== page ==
package RL;
use strict;
use warnings;
use XSLoader;

our $VERSION = "0.08";

sub completion_helper {
    my ($text, $array) = @_;
    my @matching;
    for my $item (@$array) {
        if ($item =~ /^\Q$text\E/i) {
            push @matching, $item;
    return @matching if @matching < 2;
    my @matching2 = sort @matching;
    my $item1 = $matching2[0];
    my $itemn = $matching2[-1];
    my $i;
    for ($i = 0; $i < length($item1); $i++) {
        if (substr($item1, $i, 1) ne substr($itemn, $i, 1)) {
    unshift @matching, substr($item1, 0, $i);
    return @matching;

sub history_list {
    my $i = history_base();
    my @list;
    while (1) {
        my $item = history_get($i);
        if (!defined $item) {
        push @list, $item;
    return @list;



=encoding utf8

=head1 NAME

RL - Perl interface to the readline library


    use RL;
    while (1) {
        my $line = RL::readline("prompt: ");
        if (!defined $line) {
            print "\n";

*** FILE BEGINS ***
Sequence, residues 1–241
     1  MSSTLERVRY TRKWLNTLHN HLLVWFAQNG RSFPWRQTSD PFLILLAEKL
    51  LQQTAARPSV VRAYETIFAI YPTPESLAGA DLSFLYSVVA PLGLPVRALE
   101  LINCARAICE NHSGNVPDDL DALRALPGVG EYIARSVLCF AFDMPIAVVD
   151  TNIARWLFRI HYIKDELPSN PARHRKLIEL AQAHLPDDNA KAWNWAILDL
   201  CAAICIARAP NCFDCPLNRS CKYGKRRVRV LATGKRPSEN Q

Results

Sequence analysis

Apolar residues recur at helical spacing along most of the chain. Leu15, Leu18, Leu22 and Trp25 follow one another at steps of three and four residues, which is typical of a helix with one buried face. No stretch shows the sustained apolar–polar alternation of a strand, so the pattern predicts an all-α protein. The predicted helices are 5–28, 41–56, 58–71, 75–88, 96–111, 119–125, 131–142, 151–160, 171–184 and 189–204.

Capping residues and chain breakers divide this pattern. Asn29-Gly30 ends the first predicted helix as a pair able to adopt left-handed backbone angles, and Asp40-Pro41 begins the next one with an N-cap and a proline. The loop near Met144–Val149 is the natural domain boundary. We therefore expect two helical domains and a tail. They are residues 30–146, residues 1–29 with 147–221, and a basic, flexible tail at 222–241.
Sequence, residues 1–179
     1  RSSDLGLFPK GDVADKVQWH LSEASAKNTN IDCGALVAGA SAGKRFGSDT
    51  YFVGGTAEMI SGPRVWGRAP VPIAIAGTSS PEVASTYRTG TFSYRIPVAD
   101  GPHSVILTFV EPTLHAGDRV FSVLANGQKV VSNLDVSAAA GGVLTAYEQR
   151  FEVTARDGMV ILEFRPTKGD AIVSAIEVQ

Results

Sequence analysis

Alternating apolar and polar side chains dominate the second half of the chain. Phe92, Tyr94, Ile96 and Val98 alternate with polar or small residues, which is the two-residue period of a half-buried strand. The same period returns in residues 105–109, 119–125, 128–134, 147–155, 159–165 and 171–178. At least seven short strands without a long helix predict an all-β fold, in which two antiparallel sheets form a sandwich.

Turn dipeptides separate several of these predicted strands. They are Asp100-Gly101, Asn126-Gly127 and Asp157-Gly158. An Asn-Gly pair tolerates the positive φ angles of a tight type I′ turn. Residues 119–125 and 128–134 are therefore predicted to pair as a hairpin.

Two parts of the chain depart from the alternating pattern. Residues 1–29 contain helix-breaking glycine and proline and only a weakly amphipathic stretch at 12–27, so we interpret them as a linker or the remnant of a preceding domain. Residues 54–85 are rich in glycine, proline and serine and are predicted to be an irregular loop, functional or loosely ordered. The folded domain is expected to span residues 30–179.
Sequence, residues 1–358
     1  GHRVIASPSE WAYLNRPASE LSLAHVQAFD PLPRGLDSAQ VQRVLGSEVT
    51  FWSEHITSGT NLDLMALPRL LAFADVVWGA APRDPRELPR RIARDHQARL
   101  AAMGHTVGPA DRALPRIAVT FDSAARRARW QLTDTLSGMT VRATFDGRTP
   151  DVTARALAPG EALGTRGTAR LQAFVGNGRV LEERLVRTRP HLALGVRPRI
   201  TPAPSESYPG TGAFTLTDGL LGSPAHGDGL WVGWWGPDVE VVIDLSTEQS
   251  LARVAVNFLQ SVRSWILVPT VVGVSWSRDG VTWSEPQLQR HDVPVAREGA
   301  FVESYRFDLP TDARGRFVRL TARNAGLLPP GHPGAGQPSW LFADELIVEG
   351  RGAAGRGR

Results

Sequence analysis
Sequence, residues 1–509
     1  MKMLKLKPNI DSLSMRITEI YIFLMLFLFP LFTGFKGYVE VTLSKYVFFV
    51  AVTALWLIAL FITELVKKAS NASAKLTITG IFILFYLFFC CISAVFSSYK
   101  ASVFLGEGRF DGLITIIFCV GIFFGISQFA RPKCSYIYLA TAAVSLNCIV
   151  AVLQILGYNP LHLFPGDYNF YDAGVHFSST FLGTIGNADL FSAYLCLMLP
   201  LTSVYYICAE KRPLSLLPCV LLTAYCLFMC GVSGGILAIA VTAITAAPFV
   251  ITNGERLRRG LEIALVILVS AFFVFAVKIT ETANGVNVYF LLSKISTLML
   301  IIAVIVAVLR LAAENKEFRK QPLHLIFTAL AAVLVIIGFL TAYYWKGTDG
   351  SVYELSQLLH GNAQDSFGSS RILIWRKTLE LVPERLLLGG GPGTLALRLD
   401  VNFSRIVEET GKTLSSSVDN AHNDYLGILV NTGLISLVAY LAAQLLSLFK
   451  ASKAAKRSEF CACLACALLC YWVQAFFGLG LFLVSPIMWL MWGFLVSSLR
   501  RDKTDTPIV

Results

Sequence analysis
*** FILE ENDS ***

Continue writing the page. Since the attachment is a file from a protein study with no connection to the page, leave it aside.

if ($line =~ /^(q|quit|e|exit)$/) {
        if (length($line)) {
            print "$line\n";


This module provides an interface to the readline library. On Linux,
it would be the readline library provided by GNU. On OS X, it is
the emulated readline library that is actually the libedit library.
This library only provides the subset of functionality that both
provide, so some things are missing intentionally.  This also
includes an interface to the history library functions.

If you're using a Mac, you may notice bash reads .inputrc since
bash is statically linked with GNU readline, but this library isnt
available for linking into other programs. I've also noticed libedit
doesn't handle ansi escape codes in the prompt well, even though
it mentions \1 and \2 in its header file (the codes are used around